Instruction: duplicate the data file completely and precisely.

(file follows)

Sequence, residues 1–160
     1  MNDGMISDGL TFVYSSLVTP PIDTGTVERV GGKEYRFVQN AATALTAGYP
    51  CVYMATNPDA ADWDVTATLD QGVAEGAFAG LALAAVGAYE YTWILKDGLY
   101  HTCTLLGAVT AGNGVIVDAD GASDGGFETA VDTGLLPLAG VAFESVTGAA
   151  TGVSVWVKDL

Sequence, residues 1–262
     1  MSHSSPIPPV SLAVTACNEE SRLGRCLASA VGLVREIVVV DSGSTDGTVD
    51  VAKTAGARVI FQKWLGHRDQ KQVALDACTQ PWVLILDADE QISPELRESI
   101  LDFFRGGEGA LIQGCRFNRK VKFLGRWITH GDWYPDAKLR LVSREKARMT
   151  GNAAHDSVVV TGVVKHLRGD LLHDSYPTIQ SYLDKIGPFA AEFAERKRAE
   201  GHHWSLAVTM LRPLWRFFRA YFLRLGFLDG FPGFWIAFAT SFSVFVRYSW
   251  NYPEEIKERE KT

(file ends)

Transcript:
Sequence, residues 1–160
     1  MNDGMISDGL TFVYSSLVTP PIDTGTVERV GGKEYRFVQN AATALTAGYP
    51  CVYMATNPDA ADWDVTATLD QGVAEGAFAG LALAAVGAYE YTWILKDGLY
   101  HTCTLLGAVT AGNGVIVDAD GASDGGFETA VDTGLLPLAG VAFESVTGAA
   151  TGVSVWVKDL

Sequence, residues 1–262
     1  MSHSSPIPPV SLAVTACNEE SRLGRCLASA VGLVREIVVV DSGSTDGTVD
    51  VAKTAGARVI FQKWLGHRDQ KQVALDACTQ PWVLILDADE QISPELRESI
   101  LDFFRGGEGA LIQGCRFNRK VKFLGRWITH GDWYPDAKLR LVSREKARMT
   151  GNAAHDSVVV TGVVKHLRGD LLHDSYPTIQ SYLDKIGPFA AEFAERKRAE
   201  GHHWSLAVTM LRPLWRFFRA YFLRLGFLDG FPGFWIAFAT SFSVFVRYSW
   251  NYPEEIKERE KT